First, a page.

I’ve had a double whammy re cancer diagnosis in the last couple of months. I’ve had various tests to determine whT type of Non Hodgkin’s Lymphoma ( possibly rare marginal zone one) A Pet/ct scan picked up a hot thyroid nodule. My Hematology/prof said unlikely to be anything but one of the tests I had last week after an incredibly painful bone marrow biopsy was a thyroid ultrasound and biopsy. The doc who did this said it was a very small 6mm papillary cancer, then took a needle biopsy ( awaiting results) He said so many more are detected by other scans and I’d probably had it a while. He advised that the current thinking is to leave it alone and have no treatment- just 6 monthly check ups.
However I’m awaiting the results of what type of non Hodgkin’s lymphoma, awaiting to have an endoscopy appointment. I have glands swollen - except for an enlarged spleen and my lymphocytes count is increasing. My platelets are slowly decreasing ( plotting a graph of my bloods).
The doc that did the ultrasound said no connection to my lymphoma. I have no other tumours ( yet). I feel ok just very tired and losing a bit of hair.
Do I have it cut out while I can ?
The unknown of waiting for diagnosis is very difficult. Has anyone had a similar experience experience?
Hey there Obiecat,
So sorry to hear about your recent issues!
I'm afraid I need to query something though, as something isn't sounding right. Did your ultrasound tech tell you that you had papillary thyroid cancer after just the ultrasound? Then took a sample of it? The folks doing ultrasounds usually aren't doctors, just as an FYI.
The reason I'm asking is that an ultrasound cannot Diagnose thyroid cancer. Categorically, it can't. It can show suspicious nodes, and depending on grading advise if an FNA is needed or not. But that's it. So if someone has told you that you have papillary cancer based on just an ultrasound then they need their knuckles rapped hard!
Hope is important because it can make the present moment less difficult to bear. If we believe that tomorrow will be better, we can bear a hardship today. - Thich Nhat Hanh
thanks for your message- I had a Pet/ct scan prior which showed a hot nodule. It was a doctor that did the ultrasound and biopsy. He advised that it was a 7mm Papillary thyroid cancer. I must admit I was supposed to her this before the biopsy results. I suppose he has seen many of the before.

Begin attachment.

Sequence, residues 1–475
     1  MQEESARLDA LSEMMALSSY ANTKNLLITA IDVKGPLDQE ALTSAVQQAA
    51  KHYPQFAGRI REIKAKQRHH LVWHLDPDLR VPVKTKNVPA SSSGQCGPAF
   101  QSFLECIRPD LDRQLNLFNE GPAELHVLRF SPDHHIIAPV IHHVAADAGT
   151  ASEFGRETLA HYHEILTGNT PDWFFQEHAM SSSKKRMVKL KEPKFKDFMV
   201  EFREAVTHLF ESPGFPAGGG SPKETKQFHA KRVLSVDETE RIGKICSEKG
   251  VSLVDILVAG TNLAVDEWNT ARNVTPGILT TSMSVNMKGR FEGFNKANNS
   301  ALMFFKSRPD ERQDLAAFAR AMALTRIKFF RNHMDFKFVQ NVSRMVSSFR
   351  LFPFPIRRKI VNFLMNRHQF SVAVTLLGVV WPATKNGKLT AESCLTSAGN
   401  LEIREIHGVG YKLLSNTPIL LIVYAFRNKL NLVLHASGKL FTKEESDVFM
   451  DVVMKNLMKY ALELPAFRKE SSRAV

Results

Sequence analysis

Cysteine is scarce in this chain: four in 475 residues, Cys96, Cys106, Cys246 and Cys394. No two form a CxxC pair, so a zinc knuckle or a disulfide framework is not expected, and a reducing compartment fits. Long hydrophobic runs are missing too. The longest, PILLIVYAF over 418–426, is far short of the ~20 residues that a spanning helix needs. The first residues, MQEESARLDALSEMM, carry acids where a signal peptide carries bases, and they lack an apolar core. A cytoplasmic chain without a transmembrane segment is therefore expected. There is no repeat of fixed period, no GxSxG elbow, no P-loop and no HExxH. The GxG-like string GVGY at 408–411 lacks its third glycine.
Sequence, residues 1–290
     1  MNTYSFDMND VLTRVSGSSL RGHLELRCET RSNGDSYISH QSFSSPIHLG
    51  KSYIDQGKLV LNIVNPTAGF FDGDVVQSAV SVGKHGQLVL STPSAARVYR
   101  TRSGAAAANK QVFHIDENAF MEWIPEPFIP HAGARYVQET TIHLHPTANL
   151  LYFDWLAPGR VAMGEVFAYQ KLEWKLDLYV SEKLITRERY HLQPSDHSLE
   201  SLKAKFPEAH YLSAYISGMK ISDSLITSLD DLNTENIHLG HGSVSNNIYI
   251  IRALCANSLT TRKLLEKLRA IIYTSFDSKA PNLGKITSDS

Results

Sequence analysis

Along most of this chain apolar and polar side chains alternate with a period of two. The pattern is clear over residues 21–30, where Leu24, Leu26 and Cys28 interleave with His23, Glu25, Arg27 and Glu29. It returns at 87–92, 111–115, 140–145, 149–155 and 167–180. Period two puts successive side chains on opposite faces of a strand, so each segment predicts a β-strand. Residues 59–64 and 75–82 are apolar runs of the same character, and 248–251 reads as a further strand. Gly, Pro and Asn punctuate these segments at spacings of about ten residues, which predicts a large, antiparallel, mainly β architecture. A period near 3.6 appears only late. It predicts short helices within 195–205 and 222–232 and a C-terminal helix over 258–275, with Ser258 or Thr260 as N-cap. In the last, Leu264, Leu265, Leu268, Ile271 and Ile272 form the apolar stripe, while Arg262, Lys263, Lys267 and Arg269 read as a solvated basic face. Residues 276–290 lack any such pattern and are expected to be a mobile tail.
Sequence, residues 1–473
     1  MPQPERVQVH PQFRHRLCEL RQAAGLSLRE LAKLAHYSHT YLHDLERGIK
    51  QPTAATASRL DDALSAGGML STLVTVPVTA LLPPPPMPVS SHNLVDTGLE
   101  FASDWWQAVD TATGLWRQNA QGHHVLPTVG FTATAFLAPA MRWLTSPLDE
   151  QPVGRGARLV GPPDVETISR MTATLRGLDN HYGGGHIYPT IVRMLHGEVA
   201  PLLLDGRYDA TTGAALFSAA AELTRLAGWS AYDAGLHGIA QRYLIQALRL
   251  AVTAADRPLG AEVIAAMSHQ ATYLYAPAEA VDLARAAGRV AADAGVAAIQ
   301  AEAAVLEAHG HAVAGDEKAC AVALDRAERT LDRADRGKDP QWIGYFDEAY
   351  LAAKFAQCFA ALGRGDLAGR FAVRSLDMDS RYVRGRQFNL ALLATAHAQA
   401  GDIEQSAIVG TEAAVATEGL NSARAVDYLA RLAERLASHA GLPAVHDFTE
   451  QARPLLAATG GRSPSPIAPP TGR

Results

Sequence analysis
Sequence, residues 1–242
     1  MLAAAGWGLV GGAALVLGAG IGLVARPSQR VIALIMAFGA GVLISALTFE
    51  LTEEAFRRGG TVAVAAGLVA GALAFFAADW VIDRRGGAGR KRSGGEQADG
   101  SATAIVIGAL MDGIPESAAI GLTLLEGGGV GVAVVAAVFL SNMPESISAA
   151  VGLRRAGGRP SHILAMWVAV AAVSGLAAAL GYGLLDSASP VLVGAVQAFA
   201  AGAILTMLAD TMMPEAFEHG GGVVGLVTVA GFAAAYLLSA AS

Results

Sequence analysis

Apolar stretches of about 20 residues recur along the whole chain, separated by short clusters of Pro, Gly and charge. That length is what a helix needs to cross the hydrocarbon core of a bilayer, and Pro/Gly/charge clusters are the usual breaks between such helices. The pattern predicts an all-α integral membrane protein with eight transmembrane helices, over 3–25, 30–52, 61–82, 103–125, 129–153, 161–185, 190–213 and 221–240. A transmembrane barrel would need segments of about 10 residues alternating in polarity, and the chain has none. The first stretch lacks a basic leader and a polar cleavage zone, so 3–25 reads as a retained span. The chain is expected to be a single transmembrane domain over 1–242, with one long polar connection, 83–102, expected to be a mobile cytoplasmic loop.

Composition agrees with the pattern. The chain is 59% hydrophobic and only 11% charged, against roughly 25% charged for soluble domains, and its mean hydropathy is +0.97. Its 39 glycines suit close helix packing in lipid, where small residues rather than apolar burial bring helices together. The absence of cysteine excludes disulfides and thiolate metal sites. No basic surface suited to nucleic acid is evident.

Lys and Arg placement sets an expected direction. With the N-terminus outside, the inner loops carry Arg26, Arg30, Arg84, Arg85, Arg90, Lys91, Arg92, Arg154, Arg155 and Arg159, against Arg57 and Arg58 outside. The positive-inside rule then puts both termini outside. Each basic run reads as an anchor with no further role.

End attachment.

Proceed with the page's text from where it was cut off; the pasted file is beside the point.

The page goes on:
I will post the results when I have them.
When I had my first ultrasound (no biopsy at that stage), the terminology the doctor used was "highly suspicious of papillary carcinoma". They identified micro calcifications by ultrasound as well as a small growth, which is what earned the highly suspicious tag. Mine was confirmed as a papillary carcinoma after a later biopsy, and whilst nobody categorically said You Have Cancer before the biopsy results, the conversations with the various professionals involved in my care prior left me in very little doubt what result to expect.
Your PET scan beforehand plus the ultrasound alone may have given them a degree of confidence in the diagnosis, or it may be the case that your doctor was a little less careful with their wording than they ought to have been; as Lass says, the biopsy results are usually required to know for sure. Either way, hope you get your results soon Michelle x
Hi your experience sounds very similar to mine. I was diagnosed with blood cancer, in case myeloma, in may 2018 and at the same time with hypothyroidism. Immediately I had thyroid inflammation and asked for a scan which revealed s nodule which the radiologist thought was suspicious although FNA was inconclusive. As I needed treatment for myeloma, including a stem cell transplant, I wasn't able to have the thyroid dealt with until July this year when I had s hemithyroidectomy. The biopsy revealed the nodule had been a small encapsulated papillary carcinoma and the inflammation Hashimotos.
A mutation of the gene BRAF 600e, which generally causes melanoma, is implicated in some papillary thyroid cancers and in some blood cancers, esp non Hodgkin's lymphoma, but also in 4% of myelomas. I suspect that I have this mutation ( my brother, father & aunt have had potentially BRAF mutation related cancers too). I am trying to be tested at the moment, if not on NHS then privately, as this could have implications for my myeloma treatment later. (I'm currently in remission, but myeloma always relapses).